There’s still a long way to go with these pieces. I’m going to look towards lighting and still need to consider the textiles and beads which I think could work really well with this idea but I’m loving the start of the journey and will have to continue to make sure I set time aside to develop and make new work for galleries.
I can’t believe I’m saying that! I only moved into my beautiful, big, spacious studio in October 2014 but I really need more space. Not for my work so much as for the fabulous pieces my students are making and the hundreds of tiles that are currently in my studio at various stages of making for the Over school commission. Don’t get me wrong, it’s not a bad thing but it has taken me by surprise. It’s great that I’m saying it as it means I’m very busy doing what I love too so I’m happy. I’ve gone from two regular weekly classes to running five as well as Saturday workshops, parties and face painting…I’ve reached the point of having to say no to opportunities and how hard is that!
I subscribe to the Design Trust newsletter and Patricia’s current question is ‘What does success look like?’ It has popped up on my screen at a very good time for me and what with being so busy and growing so much faster than I thought it would, it is a really good question!
I’ve always dreamed of making my living from my clay work. I want to sell my work through prestigious galleries and events as well as pass on my passion for clay to students. I would like to have an excellent reputation for making unusual pieces of high quality ceramic art. I also want to work in a way that fits with my family with a degree of flexibility. I would like to be recognised by my peers and wider industry for pushing boundaries and making unique pieces. So I guess for me, success would be making my living from a balance of selling my work in selected galleries and events and teaching while still having the time to spend with my family. It is also about being featured in industry magazines and doing demonstrations at shows and events.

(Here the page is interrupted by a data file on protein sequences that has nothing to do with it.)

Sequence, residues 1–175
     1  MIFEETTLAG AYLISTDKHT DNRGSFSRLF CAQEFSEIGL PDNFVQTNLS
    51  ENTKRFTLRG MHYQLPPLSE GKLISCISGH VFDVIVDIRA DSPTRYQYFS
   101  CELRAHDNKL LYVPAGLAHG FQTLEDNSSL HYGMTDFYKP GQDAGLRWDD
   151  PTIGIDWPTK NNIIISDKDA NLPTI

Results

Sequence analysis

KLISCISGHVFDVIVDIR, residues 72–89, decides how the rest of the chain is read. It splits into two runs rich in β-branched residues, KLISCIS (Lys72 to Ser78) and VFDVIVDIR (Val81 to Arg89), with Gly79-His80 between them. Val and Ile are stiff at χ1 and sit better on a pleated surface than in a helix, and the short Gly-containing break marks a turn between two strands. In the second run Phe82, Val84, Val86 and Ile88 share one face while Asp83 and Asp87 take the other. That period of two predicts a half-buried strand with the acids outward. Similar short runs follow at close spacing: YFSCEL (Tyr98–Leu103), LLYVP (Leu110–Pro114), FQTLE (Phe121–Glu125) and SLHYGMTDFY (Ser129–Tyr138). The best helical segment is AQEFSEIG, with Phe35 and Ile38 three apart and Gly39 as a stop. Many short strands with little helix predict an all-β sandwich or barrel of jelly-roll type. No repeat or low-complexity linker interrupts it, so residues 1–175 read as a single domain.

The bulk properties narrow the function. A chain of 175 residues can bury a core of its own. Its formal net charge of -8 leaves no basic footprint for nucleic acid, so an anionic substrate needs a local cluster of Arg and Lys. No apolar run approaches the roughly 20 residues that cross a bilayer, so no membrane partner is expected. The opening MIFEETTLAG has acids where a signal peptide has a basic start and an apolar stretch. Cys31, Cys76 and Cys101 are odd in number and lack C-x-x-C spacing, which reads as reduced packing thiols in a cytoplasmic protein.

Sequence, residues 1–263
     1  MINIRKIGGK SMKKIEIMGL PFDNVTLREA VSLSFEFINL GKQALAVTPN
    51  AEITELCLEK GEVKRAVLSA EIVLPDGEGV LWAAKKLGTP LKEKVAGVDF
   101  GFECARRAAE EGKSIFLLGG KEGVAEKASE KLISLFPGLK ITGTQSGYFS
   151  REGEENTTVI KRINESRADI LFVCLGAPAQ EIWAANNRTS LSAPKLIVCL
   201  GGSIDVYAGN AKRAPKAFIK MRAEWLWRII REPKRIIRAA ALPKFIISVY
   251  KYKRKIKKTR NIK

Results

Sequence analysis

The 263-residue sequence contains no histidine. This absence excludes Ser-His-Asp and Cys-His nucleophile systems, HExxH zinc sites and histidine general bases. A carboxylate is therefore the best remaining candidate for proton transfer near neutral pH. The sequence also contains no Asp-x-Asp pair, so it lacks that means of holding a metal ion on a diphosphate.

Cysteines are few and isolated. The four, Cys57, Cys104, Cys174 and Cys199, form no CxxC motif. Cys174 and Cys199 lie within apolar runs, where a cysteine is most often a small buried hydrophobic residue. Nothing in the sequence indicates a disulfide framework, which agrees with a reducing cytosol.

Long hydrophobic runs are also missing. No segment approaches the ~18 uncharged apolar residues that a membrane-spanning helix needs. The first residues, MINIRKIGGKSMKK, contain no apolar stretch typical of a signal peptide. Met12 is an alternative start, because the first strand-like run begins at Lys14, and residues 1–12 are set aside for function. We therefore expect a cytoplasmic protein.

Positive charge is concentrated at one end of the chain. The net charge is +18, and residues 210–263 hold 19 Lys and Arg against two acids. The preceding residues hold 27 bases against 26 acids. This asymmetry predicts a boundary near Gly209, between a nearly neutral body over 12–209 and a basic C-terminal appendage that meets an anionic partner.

I suppose all of that does also come with a need for a fabulous studio space kitted out with all the facilities needed so a sign of success would also be getting a bigger studio with separate glaze and kiln rooms!
With new classes starting last week I’ve been thinking about how I introduce people to clay. While it can be a technical and highly skilled pursuit I do believe it can be introduced in such a way that even those touching clay for the first time can make something that surprises them. I believe the best way to learn is to work with the clay so in the first session, in addition to introducing the basics of what clay is, I get students straight into making, starting with a refined pinch pot technique. From this they make something like an owl, dog or decorative sphere. Week two is a decorative box and weeks three and four are coiling a vase or bowl allowing students to quickly feel like they’ve made something beautiful and worthy of putting on display at home. All of this is helped by the right clay. I use Potterycrafts Raku clay and I love it! It’s a lightly grogged stoneware clay which makes it strong and, a nice forgiving clay for beginners. It has a wide firing range and fires to a buff colour making it great for exploring glazing and decorating techniques. I use it for all my own work so it is also a clay I am very familiar with so I have a very good idea of how far it can be pushed.